Web Fonts

Why Web Fonts? They make a huge impact on the look and feel of your website, as well as the overall readability. You will learn how to use these to make your website stand out.

Prerequisite Skills


After completing this lesson, you will be able to:

  • Define the purpose and advantages of using web fonts.
  • Embed web fonts to your website using Google Fonts library or using @font-face, while being able to explain the implications of this choice.


Screening Questions

  1. Are you familiar with the concept of a theme in WordPress?
  2. Have you worked on a child theme/modified your installed theme before?
  3. Do you have a self-hosted WordPress website?

Teacher Notes

  • The recommended way to approach the scenarios would be to demonstrate and explain the process first and then ask students to repeat the actions using their own devices, while you’re available for questions and troubleshooting if something doesn’t work out.
  • It is easiest for students to work on a locally installed copy of WordPress. Set some time aside before class to assist students with installing WordPress locally if they need it or, if possible, send them instructions before the class so they can come prepared. For more information on how to install WordPress locally, please visit our Local Install lesson.
  • The preferred answer to the screening questions is “yes.” Participants who reply “no” to question #1-2 might require a bit of explanation, and if they answer “no” to question #3 they may be grouped with other students to work in pairs on the task.
  • You may print out the Hands-On Walkthrough to use it as handouts or send it out as a .pdf file and preserve the links used throughout the document.
  • You need to have internet access or font files on a flash drive, etc., available for the participants.

Hands-on Walkthrough

Introduction: What are Web Fonts and why should you use them?

Web fonts are fonts that have been licensed specifically for web use. Traditionally, designers were limited to a small set of common system fonts that were already installed on a user’s computer (think Times, Arial, Helvetica, and Verdana). Around 2008 or so, each of the major web browsers began to implement a version of @font-face linking which allows the designer to use a wide range of fonts which can drastically improve the design and/or readability of the website.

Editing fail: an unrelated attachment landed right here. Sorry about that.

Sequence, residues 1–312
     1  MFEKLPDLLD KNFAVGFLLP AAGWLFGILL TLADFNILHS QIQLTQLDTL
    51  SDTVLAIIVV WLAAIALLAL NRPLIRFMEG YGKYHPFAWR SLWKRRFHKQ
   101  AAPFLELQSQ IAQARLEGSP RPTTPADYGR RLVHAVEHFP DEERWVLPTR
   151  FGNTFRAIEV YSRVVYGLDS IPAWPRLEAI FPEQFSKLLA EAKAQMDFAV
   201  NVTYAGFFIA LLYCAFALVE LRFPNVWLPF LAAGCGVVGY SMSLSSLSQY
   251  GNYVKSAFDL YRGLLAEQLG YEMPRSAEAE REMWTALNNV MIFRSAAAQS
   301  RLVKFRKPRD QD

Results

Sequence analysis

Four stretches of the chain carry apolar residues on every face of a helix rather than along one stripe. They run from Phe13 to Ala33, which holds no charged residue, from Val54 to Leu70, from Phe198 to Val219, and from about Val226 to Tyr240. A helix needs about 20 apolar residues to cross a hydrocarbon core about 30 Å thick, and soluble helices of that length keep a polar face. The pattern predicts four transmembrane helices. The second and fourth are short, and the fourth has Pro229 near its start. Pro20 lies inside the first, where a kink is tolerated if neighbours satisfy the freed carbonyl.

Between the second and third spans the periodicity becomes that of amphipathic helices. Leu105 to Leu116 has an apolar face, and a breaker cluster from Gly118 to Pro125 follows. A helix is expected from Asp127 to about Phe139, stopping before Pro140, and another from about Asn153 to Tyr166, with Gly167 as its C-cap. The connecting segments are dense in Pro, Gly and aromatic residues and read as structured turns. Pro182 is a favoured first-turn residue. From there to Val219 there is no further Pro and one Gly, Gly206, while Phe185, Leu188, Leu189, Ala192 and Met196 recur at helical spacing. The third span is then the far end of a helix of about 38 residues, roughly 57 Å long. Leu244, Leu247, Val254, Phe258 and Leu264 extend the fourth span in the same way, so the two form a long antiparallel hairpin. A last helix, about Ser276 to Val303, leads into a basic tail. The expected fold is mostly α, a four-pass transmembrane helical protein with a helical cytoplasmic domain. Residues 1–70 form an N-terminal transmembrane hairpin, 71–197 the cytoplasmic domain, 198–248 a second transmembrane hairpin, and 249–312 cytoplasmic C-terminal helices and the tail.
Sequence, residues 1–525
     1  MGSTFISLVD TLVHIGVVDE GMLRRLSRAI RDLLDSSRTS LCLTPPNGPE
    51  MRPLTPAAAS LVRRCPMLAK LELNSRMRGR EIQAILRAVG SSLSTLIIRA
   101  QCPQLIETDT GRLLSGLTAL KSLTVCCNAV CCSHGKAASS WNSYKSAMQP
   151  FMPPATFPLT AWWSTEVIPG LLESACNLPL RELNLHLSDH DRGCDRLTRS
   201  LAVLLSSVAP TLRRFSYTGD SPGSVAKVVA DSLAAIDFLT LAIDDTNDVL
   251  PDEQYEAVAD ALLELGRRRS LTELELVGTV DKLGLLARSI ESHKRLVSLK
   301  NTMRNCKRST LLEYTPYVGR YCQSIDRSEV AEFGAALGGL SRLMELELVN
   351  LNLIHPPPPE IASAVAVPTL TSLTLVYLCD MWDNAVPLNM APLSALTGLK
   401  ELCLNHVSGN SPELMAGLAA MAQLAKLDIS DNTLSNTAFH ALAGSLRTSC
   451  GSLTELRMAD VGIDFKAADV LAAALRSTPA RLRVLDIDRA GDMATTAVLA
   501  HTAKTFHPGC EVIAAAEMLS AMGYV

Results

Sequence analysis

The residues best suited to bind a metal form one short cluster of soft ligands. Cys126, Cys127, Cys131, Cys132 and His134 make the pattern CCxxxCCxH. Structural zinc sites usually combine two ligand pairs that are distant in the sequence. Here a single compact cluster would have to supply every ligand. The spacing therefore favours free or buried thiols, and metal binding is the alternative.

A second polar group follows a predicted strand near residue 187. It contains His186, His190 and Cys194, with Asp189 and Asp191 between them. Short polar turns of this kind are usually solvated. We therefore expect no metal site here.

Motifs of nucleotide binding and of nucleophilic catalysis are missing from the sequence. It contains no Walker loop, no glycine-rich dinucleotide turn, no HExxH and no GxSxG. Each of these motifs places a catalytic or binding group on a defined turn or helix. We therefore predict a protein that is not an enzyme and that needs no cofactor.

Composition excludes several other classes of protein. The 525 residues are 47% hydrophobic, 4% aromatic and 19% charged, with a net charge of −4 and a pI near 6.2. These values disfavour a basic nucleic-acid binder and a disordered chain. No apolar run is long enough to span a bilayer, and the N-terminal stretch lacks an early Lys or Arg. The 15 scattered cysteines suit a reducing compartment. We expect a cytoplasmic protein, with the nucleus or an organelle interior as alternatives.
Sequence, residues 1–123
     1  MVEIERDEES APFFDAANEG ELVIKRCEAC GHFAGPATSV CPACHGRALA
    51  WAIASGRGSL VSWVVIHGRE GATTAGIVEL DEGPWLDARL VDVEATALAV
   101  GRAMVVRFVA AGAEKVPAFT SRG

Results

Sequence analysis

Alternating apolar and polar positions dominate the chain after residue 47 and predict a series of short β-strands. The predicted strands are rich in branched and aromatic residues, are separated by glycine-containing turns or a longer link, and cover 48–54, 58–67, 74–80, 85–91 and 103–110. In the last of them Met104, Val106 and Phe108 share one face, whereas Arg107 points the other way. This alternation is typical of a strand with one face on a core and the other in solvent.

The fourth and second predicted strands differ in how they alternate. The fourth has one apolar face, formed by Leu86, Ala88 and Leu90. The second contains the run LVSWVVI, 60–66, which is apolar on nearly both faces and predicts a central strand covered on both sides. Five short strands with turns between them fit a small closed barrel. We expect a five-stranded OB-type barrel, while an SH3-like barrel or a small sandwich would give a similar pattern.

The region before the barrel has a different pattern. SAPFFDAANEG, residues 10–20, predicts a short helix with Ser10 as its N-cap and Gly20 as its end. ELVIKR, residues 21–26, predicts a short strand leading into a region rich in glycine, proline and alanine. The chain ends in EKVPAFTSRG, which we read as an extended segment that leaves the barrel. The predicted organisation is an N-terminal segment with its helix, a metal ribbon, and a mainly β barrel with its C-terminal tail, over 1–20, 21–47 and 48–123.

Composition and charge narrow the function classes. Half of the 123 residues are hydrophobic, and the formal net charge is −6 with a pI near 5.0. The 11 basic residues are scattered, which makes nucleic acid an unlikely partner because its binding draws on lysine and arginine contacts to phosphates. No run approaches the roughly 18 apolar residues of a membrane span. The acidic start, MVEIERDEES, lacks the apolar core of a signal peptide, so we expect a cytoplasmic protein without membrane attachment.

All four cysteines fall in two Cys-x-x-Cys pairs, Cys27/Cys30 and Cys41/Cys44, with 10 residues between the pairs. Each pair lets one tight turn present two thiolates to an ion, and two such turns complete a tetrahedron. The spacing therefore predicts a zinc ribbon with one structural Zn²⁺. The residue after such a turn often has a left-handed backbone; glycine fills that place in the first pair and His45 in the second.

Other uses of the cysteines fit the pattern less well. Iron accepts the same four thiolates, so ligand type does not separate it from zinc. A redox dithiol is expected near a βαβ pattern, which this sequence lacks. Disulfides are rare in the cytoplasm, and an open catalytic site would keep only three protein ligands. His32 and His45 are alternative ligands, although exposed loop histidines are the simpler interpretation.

So what is @font-face?

@font-face is a CSS rule which allows you to embed a particular custom font from your server to render a webpage even if it’s not already installed on the site visitors computer. Not only is it cross browser compatible but it also means that a designer doesn’t have to rely on only “web safe” fonts. In addition, designers and ‘type foundries‘ (companies that design or distribute typefaces), do not want their raw (.ttf and .otf) fonts uploaded to websites where they can easily be downloaded (stolen). @font-face permits linking directly to the raw font file. “Raw,” meaning an uncompressed, unprotected font file, just like you’d find in the font folder on your computer.

Putting it all together: Using @font-face

Scenario: We want the headers encountered in the posts on our website to stand out by changing their font to something special.

In real life, you would be:

  • Making a backup of your site before you proceed with any changes
  • Modifying your own child theme at this point. However, to make things easier for this lesson, you will be editing WordPress TwentySixteen Theme

Step 1: Find the font you want to use

  1. We will be using the free Meadowbrook font. Let’s download it from the website by clicking the Download button.
  2. Open the zip file. You’ll see Meadowbrook.ttf file there. Keep in mind that there are different kinds of font formats and they aren’t all suitable for different platforms. TTF is a font format compatible with Internet Explorer version 9.0 and above, Chrome starting at 4.0, Firefox at 3.5, Safari since 3.1, and Opera beginning with 10.0. To make your website work on all cross-platform web browsers, we need to get the same font in multiple formats.
  3. It is possible to convert a font yourself, however, a more simple way is to use Squirrels @font-face generator. Additionally, it will even generate the CSS code we’ll need at the next step!
Webfont generator
  1. Upload the Meadowbrook.ttf file to the generator, choose “Optimal” and tick the agreement.
  1. Download the resulting kit. It should be a .zip file with the font formats required, a .css file, and a .html test file.

Step 2: Place the font files in your theme directory

1. Make sure you’ve activated WordPress TwentySixteen Theme.
2. Upload the fonts to the base directory of your theme. It is easier to keep your files organized if you create a fonts folder in /wp-content/themes/twentysixteen and put the files there.

font folder

Step 3: Add the @font-face declaration code into your css

1. Open stylesheet.css which resides in the .zip file you downloaded from Squirrel @font-face generator.
2. Copy its content.
3. Time to embed it to your theme’s stylesheet: open the style.css file in Sublime/gedit/Notepad/any other text editor you’re comfortable using. The theme’s style.css file’s path should be: /wp-content/themes/twentysixteen.

@font-face {
 font-family: 'meadowbrookregular';
 src: url('meadowbrook-webfont.woff2') format('woff2'),
 url('meadowbrook-webfont.woff') format('woff');
 font-weight: normal;
 font-style: normal;

4. Paste the @font-face {...} piece right before the body {...} part.
5. Since we made a fonts folder we now have to modify the code a bit. “fonts/” is to be added to the beginning of each font location: